Tuesday, March 10, 2009

The Devil Is In The Data

To all of the behavioral targetists and addressable advertising solutionists, may I suggest one thing?


Stop making the viewing audience smaller and smaller. They're already fragmenting enough on their own due to infinite choice, control shifting to the viewer and multiple screen formats.

And now you're telling us that you can pinpoint a target that is male, makes over $300,000, has salt and pepper hair, owns two and a half dogs, one llama and lives in a ritzy zip code. I know, you're thinking that you'll be able to charge an arm and a leg to "reach" this person and just this person.


One problem.

The devil is in the data.

And the same data that lets you target ever more niche targets will also tell us if any of these niche targets actually pay any attention to the advertising that runs.

The theory, of course, is that advertisers will create specific advertising for these specific audiences. Nice. In theory.

Unfortunately, commercial creation is currently underwritten/justified by the number of people who might see it. When that number is small, so is the amount of production dollars put aside to create that commercial.

Which simply means that now that we can target this quality audience, advertisers will be hard pressed to create anything of quality to say to them.

"Well, we already have commercials that we can run," is the typical answer. And that's right. You do. But how many times are you going to run these commercials before the data comes back telling you that no one is watching them any longer?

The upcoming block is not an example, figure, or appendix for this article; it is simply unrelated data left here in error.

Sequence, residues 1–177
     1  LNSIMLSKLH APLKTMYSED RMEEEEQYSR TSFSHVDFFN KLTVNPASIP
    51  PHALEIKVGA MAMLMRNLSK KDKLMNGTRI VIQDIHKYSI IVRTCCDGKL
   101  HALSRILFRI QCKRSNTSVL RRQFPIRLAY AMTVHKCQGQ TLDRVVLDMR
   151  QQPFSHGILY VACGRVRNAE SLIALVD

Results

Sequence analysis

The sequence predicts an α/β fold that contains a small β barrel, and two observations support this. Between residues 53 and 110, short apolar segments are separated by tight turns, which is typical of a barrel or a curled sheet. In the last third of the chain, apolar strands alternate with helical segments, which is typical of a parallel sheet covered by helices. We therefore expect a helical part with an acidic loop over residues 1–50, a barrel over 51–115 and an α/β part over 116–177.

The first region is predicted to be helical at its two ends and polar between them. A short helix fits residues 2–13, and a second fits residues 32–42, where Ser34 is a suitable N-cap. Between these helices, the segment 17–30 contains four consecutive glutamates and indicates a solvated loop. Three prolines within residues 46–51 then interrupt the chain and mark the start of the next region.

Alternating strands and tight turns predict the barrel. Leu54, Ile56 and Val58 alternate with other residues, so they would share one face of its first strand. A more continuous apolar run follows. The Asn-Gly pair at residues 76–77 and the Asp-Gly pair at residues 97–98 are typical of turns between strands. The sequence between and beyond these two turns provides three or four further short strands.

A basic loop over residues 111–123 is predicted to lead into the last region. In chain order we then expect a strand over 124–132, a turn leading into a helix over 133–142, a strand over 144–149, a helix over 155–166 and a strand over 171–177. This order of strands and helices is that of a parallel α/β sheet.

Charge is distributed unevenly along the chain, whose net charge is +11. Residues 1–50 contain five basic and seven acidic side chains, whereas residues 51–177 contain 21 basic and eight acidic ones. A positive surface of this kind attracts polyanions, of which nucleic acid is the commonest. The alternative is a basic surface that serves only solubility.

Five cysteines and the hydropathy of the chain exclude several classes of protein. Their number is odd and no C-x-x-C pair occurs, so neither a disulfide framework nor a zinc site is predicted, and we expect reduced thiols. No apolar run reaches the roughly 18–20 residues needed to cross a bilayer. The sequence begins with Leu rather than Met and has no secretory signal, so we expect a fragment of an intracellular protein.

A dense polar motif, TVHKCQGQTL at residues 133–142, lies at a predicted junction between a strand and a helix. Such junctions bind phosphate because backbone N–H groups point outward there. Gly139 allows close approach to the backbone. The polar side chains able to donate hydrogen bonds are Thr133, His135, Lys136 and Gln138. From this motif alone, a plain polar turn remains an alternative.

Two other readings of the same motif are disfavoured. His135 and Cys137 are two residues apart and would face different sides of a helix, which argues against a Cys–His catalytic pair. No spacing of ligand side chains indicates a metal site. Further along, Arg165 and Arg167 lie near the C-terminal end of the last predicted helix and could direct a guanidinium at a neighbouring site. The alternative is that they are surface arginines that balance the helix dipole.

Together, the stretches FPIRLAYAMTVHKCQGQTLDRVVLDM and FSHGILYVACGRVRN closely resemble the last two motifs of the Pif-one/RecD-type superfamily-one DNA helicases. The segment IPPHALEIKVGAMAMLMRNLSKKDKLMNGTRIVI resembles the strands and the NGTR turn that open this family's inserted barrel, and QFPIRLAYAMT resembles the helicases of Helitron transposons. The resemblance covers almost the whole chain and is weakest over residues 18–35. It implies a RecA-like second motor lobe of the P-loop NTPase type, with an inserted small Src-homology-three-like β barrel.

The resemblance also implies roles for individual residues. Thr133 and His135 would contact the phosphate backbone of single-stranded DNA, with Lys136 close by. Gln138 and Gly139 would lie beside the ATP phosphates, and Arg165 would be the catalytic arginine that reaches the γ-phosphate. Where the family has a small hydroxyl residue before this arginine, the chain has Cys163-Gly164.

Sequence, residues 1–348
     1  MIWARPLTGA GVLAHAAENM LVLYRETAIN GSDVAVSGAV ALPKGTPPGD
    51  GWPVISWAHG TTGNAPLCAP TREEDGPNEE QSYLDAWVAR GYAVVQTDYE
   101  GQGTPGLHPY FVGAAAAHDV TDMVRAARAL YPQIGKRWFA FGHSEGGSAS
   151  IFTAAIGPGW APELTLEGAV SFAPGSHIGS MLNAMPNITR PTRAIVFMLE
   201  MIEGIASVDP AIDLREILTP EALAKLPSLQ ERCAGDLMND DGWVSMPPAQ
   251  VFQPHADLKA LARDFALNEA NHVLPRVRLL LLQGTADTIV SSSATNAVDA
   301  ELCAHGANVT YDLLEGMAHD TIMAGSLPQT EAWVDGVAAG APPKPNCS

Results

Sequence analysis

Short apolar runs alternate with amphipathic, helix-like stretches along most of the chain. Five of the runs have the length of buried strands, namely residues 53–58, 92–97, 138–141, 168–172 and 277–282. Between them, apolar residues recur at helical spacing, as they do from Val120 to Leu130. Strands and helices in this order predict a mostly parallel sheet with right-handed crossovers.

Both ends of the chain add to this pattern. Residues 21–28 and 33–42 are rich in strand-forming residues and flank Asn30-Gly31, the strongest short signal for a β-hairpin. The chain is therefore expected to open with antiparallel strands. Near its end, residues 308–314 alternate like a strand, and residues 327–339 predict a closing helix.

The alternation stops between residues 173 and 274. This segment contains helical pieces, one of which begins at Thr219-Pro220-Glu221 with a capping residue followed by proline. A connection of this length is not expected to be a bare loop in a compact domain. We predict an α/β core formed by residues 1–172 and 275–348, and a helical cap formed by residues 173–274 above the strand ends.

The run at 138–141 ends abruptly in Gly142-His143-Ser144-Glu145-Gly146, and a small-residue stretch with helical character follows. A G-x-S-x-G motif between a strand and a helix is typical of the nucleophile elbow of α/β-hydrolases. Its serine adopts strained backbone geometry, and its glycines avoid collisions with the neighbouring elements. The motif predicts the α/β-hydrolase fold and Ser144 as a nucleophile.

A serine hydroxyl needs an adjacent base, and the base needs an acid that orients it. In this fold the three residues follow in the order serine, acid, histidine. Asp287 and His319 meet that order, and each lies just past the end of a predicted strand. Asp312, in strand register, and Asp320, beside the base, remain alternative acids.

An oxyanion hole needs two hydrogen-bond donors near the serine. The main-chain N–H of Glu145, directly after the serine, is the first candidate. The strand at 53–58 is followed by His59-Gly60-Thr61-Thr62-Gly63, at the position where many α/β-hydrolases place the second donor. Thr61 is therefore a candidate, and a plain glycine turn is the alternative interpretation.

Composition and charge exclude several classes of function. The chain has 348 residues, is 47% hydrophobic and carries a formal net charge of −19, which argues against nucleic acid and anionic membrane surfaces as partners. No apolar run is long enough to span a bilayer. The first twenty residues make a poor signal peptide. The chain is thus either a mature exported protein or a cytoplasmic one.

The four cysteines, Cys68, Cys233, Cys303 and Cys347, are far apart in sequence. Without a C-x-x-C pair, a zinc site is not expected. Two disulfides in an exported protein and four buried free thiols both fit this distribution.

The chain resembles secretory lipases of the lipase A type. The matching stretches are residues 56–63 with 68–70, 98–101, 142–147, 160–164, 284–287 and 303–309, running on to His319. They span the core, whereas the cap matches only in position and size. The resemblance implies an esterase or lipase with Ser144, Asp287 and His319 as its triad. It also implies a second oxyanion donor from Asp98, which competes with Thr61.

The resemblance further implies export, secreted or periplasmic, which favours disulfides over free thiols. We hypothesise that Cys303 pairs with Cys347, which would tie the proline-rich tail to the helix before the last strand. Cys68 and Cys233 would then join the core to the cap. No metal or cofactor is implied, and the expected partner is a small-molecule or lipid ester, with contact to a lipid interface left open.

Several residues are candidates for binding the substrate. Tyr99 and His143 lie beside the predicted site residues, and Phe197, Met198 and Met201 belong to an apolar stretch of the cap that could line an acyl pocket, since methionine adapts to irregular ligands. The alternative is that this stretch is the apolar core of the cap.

Sooner, rather than later, you're going to have to create original content. And, then what?

Is Visible World an answer? On the retail front, maybe. For branding, no.

Now that we can target the specific audience that the advertiser wants, it's going to be difficult to justify creating emotionally engaging, original content for this audience.

Unless, of course, the advertisers start paying for the creation of commercials based on the data that says how long viewers are actually involved in the commercial. In other words, performance-based creative where the performance being measured is time spent with the commercial.

The fact is, there are two givens in the digital future. Smaller audiences. And more data than ever before about those audiences. If we want to justify the cost of creating commercials for these smaller, yet critical audiences, we need to find a way to use the new data to justify the cost of producing these new commercials.

Impressions will no longer cut it. But if advertisers start aggregating the actual time viewers spend with the message rather than the number of people who might be exposed to the message, then there is the chance to once again base cost of production on size.

Of course, this means that agencies will be held accountable for how well their creative work actually involves a viewer. A devil of deal for many agencies.

But for the handful that are truly creative, it's a chance for them to finally be paid based on how good they actually are.

And, for them, that should be heaven.

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